A Popular History of The Great War/Volume 1/Page 85

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DEFECTIVE NAVAL BASES


interests in African and American waters. A further squadron was provided by the warships maintained by Australia and New Zealand. Cruisers were sent out to watch the main trade routes, for it was known that fast German warships, some (the Goeben, Scharnhorst, and Gneisenau, for example) of considerable strength, were somewhere on the seven seas.

A task nearer home was to guard the narrow seas across which transports must continually pass and on which attacks must certainly be expected. This was done by forming patrols of destroyers and submarines that were continually on the watch from their bases on the east coast of England. The chief of these guarded the Straits of Dover, working from Harwich and Dover. Others were stationed at the mouths of the Forth, Tyne and Humber, and behind them all was the powerful shield of the Grand fleet. Attached to the fleet was a flying arm, the Royal Naval Air Service.

The British fleet was thoroughly efficient, while behind it was a tradition of victorious service that no other force in the world, save perhaps the French army, could equal. Its personnel was of the best, and all that careful training and long experience could do to fit officers and men for the day of battle had been done. But one or two matters had been overlooked, or rather one or two developments had not been foreseen. The most serious defect revealed in the early days of the conflict was that the naval bases on the east coast, Rosyth and Scapa Flow, were not properly protected against submarine attack. The consequence was that only a few weeks of war had passed before, in October, the Grand fleet was forced to leave Scapa Flow, its headquarters in the Orkneys, in order to find safe anchorage in harbours on the islands of Mull and Skye and in Lough Swilly on the north coast of Ireland. Experience of another kind showed that the gunnery of the Germans was extremely good, better in some respects than that of the British, and that the design of some of the newest British ships made them more vulnerable to gunfire than were those of the enemy.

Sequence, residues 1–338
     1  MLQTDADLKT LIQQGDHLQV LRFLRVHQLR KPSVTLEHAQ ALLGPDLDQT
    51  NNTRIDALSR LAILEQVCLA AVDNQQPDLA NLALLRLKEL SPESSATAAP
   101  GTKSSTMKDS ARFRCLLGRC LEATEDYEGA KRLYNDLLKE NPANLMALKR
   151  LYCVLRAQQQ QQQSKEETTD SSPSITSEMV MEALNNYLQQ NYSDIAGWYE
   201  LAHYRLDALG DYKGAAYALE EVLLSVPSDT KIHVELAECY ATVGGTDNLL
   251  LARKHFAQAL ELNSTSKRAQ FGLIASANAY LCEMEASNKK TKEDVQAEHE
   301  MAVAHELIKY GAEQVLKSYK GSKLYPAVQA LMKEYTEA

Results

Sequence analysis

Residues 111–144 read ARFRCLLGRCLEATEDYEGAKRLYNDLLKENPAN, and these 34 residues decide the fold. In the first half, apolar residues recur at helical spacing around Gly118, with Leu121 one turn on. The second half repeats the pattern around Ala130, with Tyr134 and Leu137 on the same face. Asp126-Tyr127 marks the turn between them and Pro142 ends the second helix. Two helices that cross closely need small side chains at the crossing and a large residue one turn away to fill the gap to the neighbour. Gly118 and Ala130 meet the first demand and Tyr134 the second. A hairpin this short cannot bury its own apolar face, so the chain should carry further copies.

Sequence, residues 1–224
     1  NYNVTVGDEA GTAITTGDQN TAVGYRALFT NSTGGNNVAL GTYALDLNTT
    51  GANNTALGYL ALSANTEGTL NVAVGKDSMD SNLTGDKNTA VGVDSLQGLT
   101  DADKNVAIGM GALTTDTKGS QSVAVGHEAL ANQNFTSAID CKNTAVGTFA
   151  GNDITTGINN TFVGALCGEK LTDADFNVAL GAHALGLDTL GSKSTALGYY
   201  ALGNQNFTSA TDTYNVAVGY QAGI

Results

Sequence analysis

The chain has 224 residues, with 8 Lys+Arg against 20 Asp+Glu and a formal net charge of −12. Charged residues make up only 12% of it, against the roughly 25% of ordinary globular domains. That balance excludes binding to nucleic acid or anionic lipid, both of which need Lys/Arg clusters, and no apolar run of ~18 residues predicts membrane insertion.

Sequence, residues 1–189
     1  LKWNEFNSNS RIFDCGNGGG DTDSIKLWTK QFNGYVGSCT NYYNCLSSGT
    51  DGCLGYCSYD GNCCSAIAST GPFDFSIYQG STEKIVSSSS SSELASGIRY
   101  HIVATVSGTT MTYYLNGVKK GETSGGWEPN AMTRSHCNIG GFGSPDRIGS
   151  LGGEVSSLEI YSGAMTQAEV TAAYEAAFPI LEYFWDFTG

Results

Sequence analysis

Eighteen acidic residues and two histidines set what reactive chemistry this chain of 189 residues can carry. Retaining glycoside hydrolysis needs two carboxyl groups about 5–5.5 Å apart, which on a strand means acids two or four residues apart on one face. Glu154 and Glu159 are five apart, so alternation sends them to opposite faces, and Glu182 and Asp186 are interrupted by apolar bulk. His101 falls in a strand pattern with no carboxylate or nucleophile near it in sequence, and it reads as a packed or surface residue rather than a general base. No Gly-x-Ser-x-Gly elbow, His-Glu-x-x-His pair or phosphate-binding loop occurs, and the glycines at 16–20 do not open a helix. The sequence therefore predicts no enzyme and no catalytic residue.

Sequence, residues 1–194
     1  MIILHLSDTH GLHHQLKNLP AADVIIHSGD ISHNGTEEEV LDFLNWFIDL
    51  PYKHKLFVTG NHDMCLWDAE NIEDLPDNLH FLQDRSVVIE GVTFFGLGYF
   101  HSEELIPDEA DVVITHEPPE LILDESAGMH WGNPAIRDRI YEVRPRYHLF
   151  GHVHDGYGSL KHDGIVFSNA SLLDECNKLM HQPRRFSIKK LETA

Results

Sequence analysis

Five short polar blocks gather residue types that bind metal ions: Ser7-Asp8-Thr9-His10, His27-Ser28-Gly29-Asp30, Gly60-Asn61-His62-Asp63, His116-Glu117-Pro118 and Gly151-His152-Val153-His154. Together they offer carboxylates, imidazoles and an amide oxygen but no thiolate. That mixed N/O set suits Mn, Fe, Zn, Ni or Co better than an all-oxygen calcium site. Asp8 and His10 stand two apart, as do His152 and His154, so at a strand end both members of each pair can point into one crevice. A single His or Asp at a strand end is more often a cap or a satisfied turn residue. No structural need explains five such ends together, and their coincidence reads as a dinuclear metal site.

In the last week of July all the national dockyards and the private shipbuilding establishments began to work with redoubled haste upon ships nearing completion, so that they might be added to the fleet at sea with the least possible delay. Further, on the day following the declaration of war the Admiralty announced that they had taken over four ships which

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